So I’ve been reading a couple of blogs that discuss whether law firms are becoming more hospitable to those who want a work-life balance. (Here, and here.) I think ultimately, law firms will change some of how they manage their resources, just because of the sheer number of Millennials. But I’ve been waiting since the early 1990s to see positive change in the general law firm environment, and it’s mostly gotten worse. The upward hours spiral long ago passed insane levels, but there’s so much else that makes law firm miserable places to work.
There is, as I’ve discussed before, the general emotional fuckwittage of lawyers. Add billable hour pressure and client expectations (often unreasonable) to that predisposition, and you’ve got the definition of hell on earth to work in.
Yet lots of the comments to those blog entries make the point that lawyers can leave the nasty places and find a better place. I’m not sure the numbers really support that argument. Law firms continue their trend to become either mega-huge or very tiny and specialized. It’s harder and harder to find a mid-size regional firm spot, because those firms are getting gobbled or are splitting up. Plus, mid-size firms are not guarantee of Nirvana. The people who work in them are, yanno, lawyers.
And really, just because there are some alternatives out there to an inhumane environment doesn’t justify the inhumane environment itself. I mean, would you say to someone whose spouse is beating them that they made a choice, and to stop whining about all those bruises and broken bones? You can just get a divorce, you know. Right, there are some wing-nuts out there who would be that cold, but most folks would recognize a few things, such as:
- The abusive spouse shouldn’t be allowed to be abusive, period. This is not behavior society wants to promote in any way;
- The battered spouse knew that his or her spouse wasn’t perfect, but did not foresee how badly the abusive spouse would behave. Initially, she or he was really charming and considerate;
- The battered spouse’s mental and emotional state is impaired after being in the abusive situation, and they can’t always make the best decisions about their current situation without help;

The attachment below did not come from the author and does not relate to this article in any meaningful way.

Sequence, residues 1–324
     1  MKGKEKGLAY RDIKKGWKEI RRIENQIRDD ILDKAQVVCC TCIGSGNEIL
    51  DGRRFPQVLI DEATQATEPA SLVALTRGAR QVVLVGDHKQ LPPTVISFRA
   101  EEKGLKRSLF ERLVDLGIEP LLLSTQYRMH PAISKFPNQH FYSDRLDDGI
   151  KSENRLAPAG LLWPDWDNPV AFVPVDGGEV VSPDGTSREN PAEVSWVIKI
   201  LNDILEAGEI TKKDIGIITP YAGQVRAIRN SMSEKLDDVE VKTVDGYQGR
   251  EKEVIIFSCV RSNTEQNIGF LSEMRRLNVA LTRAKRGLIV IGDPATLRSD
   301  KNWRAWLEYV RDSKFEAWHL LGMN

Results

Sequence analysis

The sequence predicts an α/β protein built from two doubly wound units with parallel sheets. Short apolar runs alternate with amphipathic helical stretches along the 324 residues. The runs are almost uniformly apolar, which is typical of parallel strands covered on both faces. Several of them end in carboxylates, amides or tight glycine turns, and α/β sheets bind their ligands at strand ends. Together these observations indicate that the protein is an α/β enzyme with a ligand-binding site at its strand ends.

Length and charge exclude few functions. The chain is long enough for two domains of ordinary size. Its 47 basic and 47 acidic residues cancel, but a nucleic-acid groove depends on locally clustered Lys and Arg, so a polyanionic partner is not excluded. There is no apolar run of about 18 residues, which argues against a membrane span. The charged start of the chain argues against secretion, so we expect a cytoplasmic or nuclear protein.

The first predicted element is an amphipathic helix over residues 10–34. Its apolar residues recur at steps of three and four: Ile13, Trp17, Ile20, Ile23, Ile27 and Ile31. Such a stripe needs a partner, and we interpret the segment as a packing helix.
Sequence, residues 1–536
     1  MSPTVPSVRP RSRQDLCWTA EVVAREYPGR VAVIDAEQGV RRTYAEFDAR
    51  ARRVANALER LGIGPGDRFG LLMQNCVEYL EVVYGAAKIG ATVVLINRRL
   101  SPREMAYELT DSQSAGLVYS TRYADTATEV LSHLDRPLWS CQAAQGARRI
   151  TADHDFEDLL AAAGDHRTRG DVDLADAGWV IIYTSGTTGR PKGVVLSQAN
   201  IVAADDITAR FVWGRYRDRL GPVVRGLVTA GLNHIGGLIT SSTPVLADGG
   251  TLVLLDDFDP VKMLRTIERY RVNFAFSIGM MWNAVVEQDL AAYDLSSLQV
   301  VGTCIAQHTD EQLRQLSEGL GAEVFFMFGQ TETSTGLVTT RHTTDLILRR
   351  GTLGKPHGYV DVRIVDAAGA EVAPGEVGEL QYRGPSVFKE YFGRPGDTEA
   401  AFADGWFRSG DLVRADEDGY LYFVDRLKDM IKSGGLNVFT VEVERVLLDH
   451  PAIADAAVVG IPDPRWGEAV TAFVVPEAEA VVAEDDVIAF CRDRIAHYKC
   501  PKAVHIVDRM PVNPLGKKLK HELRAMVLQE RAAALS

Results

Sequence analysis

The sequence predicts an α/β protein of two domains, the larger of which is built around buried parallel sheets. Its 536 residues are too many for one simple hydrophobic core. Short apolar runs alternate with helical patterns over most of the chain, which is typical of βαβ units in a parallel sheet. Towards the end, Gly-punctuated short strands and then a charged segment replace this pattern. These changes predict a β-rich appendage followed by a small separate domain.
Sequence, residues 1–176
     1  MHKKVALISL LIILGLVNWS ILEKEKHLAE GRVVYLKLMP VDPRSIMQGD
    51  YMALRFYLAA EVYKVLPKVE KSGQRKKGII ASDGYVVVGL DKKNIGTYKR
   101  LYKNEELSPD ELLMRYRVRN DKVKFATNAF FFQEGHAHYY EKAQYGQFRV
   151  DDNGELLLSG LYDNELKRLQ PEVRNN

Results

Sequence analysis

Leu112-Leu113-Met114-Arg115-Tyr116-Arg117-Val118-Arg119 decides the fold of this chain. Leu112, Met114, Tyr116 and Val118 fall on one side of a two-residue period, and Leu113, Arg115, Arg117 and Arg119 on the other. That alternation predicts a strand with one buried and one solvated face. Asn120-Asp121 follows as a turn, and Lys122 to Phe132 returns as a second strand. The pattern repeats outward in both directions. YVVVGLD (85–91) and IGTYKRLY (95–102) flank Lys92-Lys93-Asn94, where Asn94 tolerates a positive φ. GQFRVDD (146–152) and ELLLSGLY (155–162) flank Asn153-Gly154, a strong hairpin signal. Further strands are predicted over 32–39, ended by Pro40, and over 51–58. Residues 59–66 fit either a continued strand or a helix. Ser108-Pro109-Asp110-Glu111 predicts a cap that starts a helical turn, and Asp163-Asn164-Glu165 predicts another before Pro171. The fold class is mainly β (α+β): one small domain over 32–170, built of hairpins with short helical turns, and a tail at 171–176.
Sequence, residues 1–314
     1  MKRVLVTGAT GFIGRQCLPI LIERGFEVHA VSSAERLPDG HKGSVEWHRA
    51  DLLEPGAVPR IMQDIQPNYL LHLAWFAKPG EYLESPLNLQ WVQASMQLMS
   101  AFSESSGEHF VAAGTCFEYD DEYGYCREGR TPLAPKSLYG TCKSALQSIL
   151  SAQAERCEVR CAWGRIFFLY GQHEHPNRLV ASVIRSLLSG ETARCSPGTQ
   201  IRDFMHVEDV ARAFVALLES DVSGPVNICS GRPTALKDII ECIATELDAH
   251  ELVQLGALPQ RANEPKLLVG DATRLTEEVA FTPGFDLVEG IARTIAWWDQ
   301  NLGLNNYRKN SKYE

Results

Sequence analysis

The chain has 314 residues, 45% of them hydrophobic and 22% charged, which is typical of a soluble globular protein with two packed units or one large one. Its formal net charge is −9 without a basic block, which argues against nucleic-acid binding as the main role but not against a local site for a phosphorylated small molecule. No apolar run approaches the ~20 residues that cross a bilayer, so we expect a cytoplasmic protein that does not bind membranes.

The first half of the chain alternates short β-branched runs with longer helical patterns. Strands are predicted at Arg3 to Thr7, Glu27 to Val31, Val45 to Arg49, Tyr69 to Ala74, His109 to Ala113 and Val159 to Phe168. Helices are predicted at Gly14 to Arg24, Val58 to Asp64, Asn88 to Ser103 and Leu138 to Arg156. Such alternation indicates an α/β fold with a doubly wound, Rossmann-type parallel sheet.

- The battered spouse still loves the abusive spouse, as irrational as that seems.
A lot of the talk about law firm environments reminds me of how the perception of women in the workplace has evolved. In the 1960s and 1970s, women could get jobs, but they were expected to put up with all manner of slurs and denigration. There were some few men in the workplace who were willing to accept women as equals; a big chunk who were unsure the arrangement would work, but didn’t spend a lot of energy opposing the idea; and another big chunk of men who were diametrically opposed to the idea of women in positions of power and authority.
Nowadays, no one dares say that women cannot do the jobs, but they defend to death the workplace structures that make life difficult for single people, and impossible for people who want to be parents in anything but the Ward Cleaver, see-you-at-dinner mode. Except that Ward and his lawyer buddies in the 1950s didn’t work nearly so hard or so many hours as are expected today.
So in law firms, we see an evolution from grudging acceptance of the idea that the world won’t end if some lawyers work part-time, to a realization that firms can make more money if they let lawyers be “of counsel” and never make partner, but still bill the daylights for their work, to the current dipping of the toe in the less work for less money pond. These are all good steps toward making one aspect of law firm life — the sheer amount of work — more bearable, but these steps do nothing to make the environment itself more palatable. Too many partners treat their colleagues, associates, and staff like crap, raining undeserved criticism down by the bucket, and doling out praise by the drop. Or simply standing by when their partner does it to someone else. Or maintaining ridiculous expectations, like instant reply to Blackberry summonses on a Saturday night. Or . . . well you can fill in some of the list, those of you who live it every day.
The point is, until the belief system of the abuser changes, simply spending a few hours less in his or her presence doesn’t solve much.